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Drew quickly muted the call and then tucked the phone under her pillow. She grabbed the cake and hurried to the kitchen. When she got back, she stared at her pillow, as if she’d buried a dead body underneath it. She sat on her bed bench and buried her face in the palm of her hands.
Why was Nik calling? How did he survive the Desolation of New York? That was the term for the wipeout that took place in New York, 200,000 confirmed deaths from COVID-19, two-thirds of the U.S. total. It was horrific. She lost friends and family. Drew wasn’t an evil person; she didn’t wish ill on anyone. However, in her subconscious, she had wondered if Nik survived. Apparently, he did.
After a long while, she took her phone from under her pillow, deleted the call log, and then blocked his number. About five years ago, Nik told her that he didn’t want to be part of their lives. She hadn’t spoken to him since and she was fine with that. They didn’t need him, she took care of Ama on her own. Her parents helped in the beginning when work was hectic, but now she had a handle on things. She and her daughter were just fine. No matter what, she wasn’t going down this path again, no matter what!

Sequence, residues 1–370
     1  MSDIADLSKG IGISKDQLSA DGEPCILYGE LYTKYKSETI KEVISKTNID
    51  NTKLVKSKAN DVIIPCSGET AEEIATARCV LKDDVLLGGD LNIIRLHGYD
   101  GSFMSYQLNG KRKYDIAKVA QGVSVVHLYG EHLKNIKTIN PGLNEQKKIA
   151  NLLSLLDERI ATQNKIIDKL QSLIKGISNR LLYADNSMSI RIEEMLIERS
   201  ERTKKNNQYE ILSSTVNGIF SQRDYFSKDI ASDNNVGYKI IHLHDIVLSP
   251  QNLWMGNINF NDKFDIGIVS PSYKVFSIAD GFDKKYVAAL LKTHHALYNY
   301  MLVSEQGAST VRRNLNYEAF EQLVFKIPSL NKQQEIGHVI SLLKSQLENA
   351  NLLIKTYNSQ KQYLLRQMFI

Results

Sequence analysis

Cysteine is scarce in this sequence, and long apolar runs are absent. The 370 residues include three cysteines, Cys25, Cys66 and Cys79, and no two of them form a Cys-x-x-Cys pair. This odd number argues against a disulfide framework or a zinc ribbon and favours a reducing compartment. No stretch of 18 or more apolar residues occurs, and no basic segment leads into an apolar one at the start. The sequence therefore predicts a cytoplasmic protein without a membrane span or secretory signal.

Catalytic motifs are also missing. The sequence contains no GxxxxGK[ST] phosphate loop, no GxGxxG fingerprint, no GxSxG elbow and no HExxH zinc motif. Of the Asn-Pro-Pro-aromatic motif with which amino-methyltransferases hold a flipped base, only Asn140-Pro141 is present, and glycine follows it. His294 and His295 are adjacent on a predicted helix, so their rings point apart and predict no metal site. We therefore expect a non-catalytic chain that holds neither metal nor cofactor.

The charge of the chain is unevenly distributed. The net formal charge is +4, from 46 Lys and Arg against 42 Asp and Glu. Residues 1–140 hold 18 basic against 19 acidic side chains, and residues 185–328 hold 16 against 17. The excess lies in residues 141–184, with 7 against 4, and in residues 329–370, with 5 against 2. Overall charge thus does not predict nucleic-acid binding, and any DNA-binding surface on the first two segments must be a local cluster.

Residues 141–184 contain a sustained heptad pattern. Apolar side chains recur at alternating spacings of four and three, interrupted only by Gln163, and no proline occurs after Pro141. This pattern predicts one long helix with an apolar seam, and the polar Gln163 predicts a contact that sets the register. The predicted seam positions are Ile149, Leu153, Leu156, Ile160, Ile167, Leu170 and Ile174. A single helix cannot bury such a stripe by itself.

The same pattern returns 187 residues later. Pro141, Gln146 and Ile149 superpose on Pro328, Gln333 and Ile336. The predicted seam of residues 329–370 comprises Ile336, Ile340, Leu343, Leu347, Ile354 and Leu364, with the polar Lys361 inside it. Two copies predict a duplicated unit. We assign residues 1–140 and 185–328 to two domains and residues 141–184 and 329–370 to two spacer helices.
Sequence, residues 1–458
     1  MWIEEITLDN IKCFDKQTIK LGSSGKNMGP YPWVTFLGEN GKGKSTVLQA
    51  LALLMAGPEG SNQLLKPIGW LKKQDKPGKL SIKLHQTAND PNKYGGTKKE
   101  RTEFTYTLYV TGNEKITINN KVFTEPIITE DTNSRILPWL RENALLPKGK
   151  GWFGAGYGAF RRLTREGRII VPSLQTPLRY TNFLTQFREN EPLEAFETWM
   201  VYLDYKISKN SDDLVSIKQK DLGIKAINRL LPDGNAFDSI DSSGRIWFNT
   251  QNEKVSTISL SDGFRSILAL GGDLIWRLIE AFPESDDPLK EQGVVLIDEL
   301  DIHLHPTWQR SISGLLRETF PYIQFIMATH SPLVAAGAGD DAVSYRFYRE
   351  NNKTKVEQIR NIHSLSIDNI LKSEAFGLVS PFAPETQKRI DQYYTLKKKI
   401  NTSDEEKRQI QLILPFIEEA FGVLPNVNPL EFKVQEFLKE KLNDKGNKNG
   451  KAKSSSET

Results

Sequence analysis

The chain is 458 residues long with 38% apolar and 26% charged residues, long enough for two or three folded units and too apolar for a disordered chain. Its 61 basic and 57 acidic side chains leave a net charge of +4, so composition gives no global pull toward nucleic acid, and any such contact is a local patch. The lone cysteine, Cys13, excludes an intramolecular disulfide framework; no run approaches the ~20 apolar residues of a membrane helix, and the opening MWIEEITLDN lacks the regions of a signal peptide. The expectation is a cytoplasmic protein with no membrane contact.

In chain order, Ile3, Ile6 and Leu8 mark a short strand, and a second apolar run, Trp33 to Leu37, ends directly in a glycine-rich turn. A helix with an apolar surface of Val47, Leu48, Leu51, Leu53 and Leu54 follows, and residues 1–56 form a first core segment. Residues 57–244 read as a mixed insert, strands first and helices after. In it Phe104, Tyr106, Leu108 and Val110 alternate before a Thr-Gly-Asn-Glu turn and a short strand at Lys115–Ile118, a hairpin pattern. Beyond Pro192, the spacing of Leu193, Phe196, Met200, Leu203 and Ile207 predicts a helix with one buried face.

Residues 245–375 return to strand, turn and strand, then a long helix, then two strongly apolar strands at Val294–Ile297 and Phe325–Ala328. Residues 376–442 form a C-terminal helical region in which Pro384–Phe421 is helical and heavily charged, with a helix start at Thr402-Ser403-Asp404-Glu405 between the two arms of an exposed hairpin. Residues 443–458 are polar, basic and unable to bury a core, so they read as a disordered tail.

Drew and Ama lay curled up in a day bed on her porch. Drew was staring at the ocean and Ama was sketching, her back comfortably against her mother’s chest. Drew loved to lay on the porch and stare at the ocean. It was incredibly calming for her, but it also made her feel proud. It was always her dream to get a house on the beach and she was grateful she got a job that provided her with the means to do just that. She bought two acres of property on the beach, just a few kilometers from Krokrobite. The house itself was very modern, a stark contrast from the colonial style homes and basic steads that littered that part of the city. She loves clean lines and glass, and she didn’t want to build anything that resembled the homes the slave masters owned. She did incorporate the wrap-around porches that were prominent back then, and she limited the compound structures to half an acre, leaving the rest of the land for the pool and landscaping. Beach or not, she needed her pool for laps. It was the only exercise she enjoyed.